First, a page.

Guernsey Press

There’s still a case for compensation for the damage caused in Alderney

THE damage done to all the Channel Islands during the Occupation was immense and I believe that a very good case could have been made in 1945 for Germany to pay war reparations to each island. Understandably perhaps, other priorities prevented this from being pursued then.


Guernsey and Jersey, with larger economic bases and typical entrepreneurship, have recovered so successfully that to make any claim now would be totally unrealistic.

Alderney is a different matter. The damage there was so much worse that the island was almost declared uninhabitable for the foreseeable future.

This is vividly recorded in a documentary called the Homecoming which is available to purchase from, or to view in the Alderney Tourist Office.

It portrays the state of the island over six months after our Liberation Day, and the appalling conditions that those brave Ridunians had to overcome on their return after 15 December 1945.

I commend every reader to view it.

I watched it about four years ago and I immediately thought that there was still a case for compensation to be pursued from Germany. Since then, I have put this forward to senior politicians who have brushed the thought aside in typical risk-averse fashion, while still managing to keep mock horror off their faces at the very idea.

What is there to lose? Italy and Poland have been pursuing Second World War claims of their own. Germany has paid more than 1bn euros to each of Rwanda and Namibia for 20th century genocides, and the evidence provided by the Homecoming is unanswerable.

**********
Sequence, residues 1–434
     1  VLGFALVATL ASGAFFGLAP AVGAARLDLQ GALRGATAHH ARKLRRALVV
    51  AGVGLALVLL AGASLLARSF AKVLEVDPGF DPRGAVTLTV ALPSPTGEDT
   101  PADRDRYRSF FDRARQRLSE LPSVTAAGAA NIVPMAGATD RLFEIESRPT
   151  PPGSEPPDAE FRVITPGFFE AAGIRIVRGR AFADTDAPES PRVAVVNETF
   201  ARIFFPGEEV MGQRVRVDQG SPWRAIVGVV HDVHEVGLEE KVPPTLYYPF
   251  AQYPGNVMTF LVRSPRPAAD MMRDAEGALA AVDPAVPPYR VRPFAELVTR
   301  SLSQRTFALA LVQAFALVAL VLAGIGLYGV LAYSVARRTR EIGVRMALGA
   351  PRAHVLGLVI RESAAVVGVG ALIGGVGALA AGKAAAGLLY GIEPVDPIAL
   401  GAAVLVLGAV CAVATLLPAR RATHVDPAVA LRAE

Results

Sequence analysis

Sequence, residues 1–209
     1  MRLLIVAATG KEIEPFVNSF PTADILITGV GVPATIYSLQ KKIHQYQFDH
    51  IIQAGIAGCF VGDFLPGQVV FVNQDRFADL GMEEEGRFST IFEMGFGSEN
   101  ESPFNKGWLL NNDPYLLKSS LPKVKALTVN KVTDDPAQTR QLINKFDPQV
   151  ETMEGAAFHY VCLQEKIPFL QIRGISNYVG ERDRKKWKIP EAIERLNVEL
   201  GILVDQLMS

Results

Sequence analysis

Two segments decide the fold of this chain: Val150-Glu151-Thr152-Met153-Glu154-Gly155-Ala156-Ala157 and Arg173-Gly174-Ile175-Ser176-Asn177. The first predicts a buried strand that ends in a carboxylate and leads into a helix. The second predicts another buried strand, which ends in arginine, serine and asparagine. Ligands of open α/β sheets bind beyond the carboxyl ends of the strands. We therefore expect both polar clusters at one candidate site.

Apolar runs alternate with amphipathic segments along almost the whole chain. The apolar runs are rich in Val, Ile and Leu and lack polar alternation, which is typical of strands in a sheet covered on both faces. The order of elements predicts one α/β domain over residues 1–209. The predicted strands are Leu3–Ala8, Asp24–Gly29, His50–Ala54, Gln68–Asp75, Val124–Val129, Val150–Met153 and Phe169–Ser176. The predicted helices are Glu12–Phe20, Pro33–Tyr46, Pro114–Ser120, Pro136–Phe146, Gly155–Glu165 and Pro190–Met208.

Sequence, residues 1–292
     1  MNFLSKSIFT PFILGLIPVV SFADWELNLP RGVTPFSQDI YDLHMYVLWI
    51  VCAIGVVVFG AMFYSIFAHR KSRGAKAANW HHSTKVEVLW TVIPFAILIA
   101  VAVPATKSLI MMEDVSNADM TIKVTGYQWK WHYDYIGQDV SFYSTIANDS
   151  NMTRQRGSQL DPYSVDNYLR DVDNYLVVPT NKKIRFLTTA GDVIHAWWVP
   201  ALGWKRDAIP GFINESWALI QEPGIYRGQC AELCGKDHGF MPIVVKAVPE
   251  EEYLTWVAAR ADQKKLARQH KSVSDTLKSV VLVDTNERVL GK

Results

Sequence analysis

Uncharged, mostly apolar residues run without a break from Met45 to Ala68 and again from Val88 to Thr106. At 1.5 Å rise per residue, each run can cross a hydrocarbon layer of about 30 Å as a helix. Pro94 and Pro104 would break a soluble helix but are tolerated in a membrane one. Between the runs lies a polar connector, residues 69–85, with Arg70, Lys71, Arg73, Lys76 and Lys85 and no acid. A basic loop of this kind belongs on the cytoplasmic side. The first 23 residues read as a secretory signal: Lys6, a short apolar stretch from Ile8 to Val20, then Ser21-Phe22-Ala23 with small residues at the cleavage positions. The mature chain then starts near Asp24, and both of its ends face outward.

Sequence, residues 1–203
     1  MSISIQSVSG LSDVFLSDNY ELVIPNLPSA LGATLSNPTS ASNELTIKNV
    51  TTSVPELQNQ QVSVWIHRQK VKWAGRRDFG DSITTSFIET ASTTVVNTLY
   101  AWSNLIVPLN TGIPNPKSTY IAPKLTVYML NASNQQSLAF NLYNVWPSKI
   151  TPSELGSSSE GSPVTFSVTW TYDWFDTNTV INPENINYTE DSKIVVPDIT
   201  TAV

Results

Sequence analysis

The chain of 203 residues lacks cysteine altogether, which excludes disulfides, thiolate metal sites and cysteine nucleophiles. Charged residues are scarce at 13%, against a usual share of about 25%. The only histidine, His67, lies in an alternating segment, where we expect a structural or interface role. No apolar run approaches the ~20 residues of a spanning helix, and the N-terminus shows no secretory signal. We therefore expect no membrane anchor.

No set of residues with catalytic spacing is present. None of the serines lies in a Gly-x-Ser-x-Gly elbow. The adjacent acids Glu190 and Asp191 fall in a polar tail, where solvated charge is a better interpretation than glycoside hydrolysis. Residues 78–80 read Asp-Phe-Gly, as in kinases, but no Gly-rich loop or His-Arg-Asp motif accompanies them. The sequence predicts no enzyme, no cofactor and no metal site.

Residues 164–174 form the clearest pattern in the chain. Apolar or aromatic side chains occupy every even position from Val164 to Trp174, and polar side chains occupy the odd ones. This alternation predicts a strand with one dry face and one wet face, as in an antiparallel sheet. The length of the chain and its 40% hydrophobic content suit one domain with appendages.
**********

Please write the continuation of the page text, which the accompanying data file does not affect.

It is particularly ironic that while Alderney received next to nothing, large amounts of aid were given to Germany, to aid their recovery, by the USA and Great Britain.

The publication of the Lord Pickles’ Alderney expert review and the 80th anniversary of D-Day makes this an ideal time to make an approach which one would not call ‘war reparations’, but find a more sympathetic term, reflecting forgiveness and friendship with past events forgotten, perhaps couched in terms of German foreign aid given in reconciliation.

I have every confidence that Jonathan Le Tocq, our deputy with responsibility for external affairs, could find exactly the right words.

I hope our States members read this letter and take up the idea or at least respond and give reasons why not.

Perhaps that is a hope in vain, as they do not seem to have a good record in responding to suggestions from the public.

It is now over six months since they appealed to islanders for ideas to help our economy and the results still seem to be undergoing tortuous analysis. An efficient government would have picked out the best suggestions, made a media announcement, and started to implement them immediately.

Geoff Dorey

Les Queux